Slowing Canadian economy still beat expectations
Stonger than expected growth could sway the Bank of Canada from cutting its key interest rate
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OTTAWA—The Canadian economy slowed to a 2.4 per cent annual growth rate in the last three months of 2014, but still performed better than economists had expected.
The stronger than anticipated reading for the autumn period of falling oil prices was yet another sign the Bank of Canada could abstain from cutting its key interest rate at this week’s announcement.
The annualized rate for the fourth quarter of 2014 was close to the Bank of Canada’s 2.5 per cent prediction, but beat economists’ call of 2.0 per cent, according to Thomson Reuters.
Led by gains in manufacturing, the gross domestic product moved upward in December by 0.3 per cent compared to the previous month to beat economist expectations of 0.2 per cent, the Statistics Canada report found.
Statistics Canada found the oil and gas extraction sector was among the primary contributors to growth in the last three months of 2014, although it dropped off in the last two months of the year.
In a speech last week, Bank of Canada governor Stephen Poloz said January’s surprise rate cut bought the bank more time to assess how the plunge in oil prices might affect the economy, leading economists to dump cold water on the expectations of many that he would cut rates again this week.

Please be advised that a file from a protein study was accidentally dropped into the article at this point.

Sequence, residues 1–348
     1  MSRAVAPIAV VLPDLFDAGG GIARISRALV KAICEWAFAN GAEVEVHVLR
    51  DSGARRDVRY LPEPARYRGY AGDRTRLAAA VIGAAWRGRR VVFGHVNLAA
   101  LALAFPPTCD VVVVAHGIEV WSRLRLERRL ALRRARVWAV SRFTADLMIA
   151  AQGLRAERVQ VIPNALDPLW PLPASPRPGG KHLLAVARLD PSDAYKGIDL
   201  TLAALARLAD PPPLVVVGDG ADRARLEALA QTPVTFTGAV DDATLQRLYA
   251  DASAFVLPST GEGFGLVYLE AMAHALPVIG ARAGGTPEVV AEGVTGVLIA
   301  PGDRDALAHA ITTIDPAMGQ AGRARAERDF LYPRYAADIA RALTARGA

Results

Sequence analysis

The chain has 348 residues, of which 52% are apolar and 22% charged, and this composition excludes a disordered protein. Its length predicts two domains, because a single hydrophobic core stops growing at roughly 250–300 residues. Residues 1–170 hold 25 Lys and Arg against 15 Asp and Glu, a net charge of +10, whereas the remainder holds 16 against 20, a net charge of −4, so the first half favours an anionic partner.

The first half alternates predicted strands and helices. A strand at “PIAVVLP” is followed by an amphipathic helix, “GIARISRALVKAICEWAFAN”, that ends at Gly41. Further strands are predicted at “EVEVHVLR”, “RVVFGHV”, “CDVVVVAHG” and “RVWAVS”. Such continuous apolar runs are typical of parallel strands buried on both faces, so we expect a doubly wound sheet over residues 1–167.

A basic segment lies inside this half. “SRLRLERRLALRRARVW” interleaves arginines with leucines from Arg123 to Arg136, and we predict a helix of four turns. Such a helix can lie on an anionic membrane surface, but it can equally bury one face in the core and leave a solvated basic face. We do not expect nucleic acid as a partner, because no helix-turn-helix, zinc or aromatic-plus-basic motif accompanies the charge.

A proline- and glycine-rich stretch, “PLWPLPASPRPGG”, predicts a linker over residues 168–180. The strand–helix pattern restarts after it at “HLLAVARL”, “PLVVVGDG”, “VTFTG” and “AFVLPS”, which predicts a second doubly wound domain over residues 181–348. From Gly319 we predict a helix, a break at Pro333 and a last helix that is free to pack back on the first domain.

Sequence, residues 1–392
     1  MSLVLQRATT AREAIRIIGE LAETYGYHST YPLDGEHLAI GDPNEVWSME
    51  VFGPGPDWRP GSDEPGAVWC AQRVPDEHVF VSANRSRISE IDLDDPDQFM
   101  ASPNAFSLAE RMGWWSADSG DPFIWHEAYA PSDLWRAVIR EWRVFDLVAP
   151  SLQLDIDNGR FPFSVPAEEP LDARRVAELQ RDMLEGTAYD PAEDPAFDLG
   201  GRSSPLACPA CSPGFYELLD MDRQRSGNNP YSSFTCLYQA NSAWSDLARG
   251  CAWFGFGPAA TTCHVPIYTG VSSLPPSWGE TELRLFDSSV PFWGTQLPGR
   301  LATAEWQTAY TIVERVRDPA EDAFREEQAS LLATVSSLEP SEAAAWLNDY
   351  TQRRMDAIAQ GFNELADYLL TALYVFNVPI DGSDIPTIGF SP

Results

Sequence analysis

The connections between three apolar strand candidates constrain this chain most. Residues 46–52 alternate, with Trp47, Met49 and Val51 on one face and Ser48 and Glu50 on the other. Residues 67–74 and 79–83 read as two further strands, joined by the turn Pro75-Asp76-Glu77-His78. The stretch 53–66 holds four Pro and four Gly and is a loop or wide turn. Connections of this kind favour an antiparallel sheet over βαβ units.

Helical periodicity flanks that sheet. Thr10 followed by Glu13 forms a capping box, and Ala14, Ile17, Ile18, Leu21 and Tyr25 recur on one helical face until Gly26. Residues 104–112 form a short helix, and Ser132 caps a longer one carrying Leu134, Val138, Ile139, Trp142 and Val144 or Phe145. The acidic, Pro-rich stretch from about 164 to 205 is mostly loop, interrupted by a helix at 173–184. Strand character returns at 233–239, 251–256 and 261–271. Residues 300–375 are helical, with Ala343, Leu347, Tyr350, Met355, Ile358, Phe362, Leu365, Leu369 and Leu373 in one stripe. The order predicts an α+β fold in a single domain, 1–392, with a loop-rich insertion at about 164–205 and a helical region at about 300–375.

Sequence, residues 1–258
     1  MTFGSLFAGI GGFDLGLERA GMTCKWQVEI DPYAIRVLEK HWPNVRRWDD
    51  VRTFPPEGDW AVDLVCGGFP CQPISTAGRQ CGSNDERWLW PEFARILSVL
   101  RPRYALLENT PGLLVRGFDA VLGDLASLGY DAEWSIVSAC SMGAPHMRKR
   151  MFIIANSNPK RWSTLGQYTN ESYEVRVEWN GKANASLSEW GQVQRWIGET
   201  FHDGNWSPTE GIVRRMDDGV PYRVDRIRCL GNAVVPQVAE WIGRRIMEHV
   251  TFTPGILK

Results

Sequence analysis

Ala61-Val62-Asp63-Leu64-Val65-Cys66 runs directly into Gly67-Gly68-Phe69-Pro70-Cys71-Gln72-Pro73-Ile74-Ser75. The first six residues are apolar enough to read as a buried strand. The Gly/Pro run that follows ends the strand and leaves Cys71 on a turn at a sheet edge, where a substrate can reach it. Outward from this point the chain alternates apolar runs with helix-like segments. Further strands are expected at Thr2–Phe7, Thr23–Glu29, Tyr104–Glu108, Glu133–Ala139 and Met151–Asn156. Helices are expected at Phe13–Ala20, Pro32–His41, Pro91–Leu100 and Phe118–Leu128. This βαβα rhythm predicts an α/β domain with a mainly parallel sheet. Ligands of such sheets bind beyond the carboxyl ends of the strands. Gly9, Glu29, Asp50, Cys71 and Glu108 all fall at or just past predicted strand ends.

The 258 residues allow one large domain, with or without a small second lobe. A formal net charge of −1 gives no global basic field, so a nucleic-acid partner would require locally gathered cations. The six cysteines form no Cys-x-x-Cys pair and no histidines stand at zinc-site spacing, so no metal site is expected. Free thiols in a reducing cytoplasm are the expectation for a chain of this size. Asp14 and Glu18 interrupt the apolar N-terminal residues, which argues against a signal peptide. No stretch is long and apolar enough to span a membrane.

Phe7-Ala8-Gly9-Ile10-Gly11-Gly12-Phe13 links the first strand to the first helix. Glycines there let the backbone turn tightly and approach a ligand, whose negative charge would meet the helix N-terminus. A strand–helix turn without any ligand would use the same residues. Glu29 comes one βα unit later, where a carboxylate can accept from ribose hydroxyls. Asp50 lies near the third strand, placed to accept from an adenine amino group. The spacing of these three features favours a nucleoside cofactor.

The central bank stunned markets in January when it dropped its key rate by a quarter of a percentage point to 0.75 per cent. At the time, Poloz said the cut would buy insurance amid low crude prices that were “unambiguously negative” for the economy.
The latest Statistics Canada inflation data, also released last week, was higher than Bank of Canada had predicted—further dampening expectations of another cut.
However, the economy still cooled in the final months of 2014 compared to the 3.2 per cent result for the third quarter, the Statistics Canada report said Tuesday.
It recorded decreases in economic activity in areas such as machinery and equipment investment, communications and exports.
In addition, signs of the negative impacts of cheaper crude began to emerge in the last two months of 2014. The oil and gas extraction sector was down 0.8 per cent in November and 1.4 per cent in December.
Looking back at 2014, Canada’s gross domestic product increased by 2.5 per cent _ slightly stronger than the Bank of Canada’s prediction of 2.4 per cent for the year. The country’s GDP rose by 2.0 per cent in 2013.
Statistics Canada also released revisions for the GDP readings of the first three quarters of 2014, which revealed the economy was stronger than earlier figures for the second and third quarters.
The second quarter had a revised reading of 3.8 per cent, compared to the previous figure of 3.6, while the third quarter was bumped upwards in the revision to 3.2 per cent from 2.8.